Is a Tappan Zee Greenway Even a Good Idea?

Would the Proposed Tappan Zee Greenway have problems we haven't considered?

I have heard all the excitement about converting the Tappan Zee Bridge into a 3 mile green park once it is replaced by a new structure, and I have to admit it sounds pretty cool, but I wonder if it would work in practical application. There are two big concerns. The first is the physical efficacy of the bridge being a park that would be a cost saver over demolition. The second is whether a park on a narrow span over the widest part of the Hudson would even be usable most of the year. 

Saving $150 million by not demolishing the structure does not occur in a vacuum. The new greenway would still need to be maintained and converted over to sustain several feet of soil to have grass and trees, would require irrigation and other services, and would still be an expense to manage. It would require police. It would need bathrooms. There would have to be some means of having vehicles navigate it for EMS or emergency. If there were any food or retail on the span they would need infrastructure as well. 

While I am no engineer, I have to wonder if the elimination of traffic would be sufficient to counter balance the stress of tons and tons of earth and soil needed to make the greenway work. Just holding up its own weight after 56 years must be a concern. How would it be-and what would it cost-in another 10 years? or 25 years? That would be less expensive than maintaining the current bridge, but it would have to be added to the cost of maintaining the new bridge as well.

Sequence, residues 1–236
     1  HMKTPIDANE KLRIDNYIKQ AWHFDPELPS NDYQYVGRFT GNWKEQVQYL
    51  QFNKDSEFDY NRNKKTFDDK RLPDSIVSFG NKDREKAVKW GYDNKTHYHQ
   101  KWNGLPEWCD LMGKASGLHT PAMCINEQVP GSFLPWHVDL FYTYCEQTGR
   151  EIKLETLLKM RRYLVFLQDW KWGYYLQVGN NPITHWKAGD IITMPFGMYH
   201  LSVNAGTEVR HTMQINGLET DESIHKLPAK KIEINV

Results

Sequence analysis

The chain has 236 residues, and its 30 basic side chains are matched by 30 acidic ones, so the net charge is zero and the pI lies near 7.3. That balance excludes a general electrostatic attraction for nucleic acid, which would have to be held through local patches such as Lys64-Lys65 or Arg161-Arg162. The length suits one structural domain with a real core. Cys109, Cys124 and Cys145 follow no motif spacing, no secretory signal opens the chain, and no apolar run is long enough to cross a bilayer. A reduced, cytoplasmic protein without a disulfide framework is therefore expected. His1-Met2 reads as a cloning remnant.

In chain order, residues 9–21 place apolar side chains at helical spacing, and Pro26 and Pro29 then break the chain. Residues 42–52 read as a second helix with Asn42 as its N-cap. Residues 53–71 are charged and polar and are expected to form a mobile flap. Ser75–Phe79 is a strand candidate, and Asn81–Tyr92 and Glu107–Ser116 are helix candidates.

But even if the structural and logistical concerns could be addressed, I have to wonder what the quality of the greenway experience would be most of the year out in the middle of the Hudson. We are talking about a bridge that has wind advisories and a speed limit of only 40 MPH for good reason. It isn't windy out there sometimes. It is very windy most of the time. I cannot imagine it being a pleasant or warm setting anytime between October to May. That is a big chunk of the year where you won't see many frisbee games or baby strollers.

Moreover, the new bridge will be built right next to the old one, so that theoretical oasis of pastoral beauty over the water would in actuality be right next to an 8 lane Interstate with no natural buffer. 

Rather than have future generations pay for a park that could end up being less useful than we might think, why not put the old bridge to work for us? To me, it is a natural wind farm. Let's put some windmills out on that thing when it closes and get a few decades of energy from it instead of splitting some atoms. It couldn't be any noisier than the Interstate right next to it, could it? 

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Betsy Shaw Weiner April 11, 2012 at 12:58 PM
You have left out the fact that, in order for such a "park" to be accessible, there would have to be parking facilities at each end; where would they be located?. Furthermore, the grade of the current bridge is quite steep, which would make it challenging walking indeed. People compare this to the High Line park in NYC and to the Walkway Over The Hudson in Poughkeepsie. The High Line is FLAT. The Walkway, having been a railroad bridge, is FLAT; it also is a standalone, almost, structure. Talk about jumping on bandwagons! This, too, shall pass.


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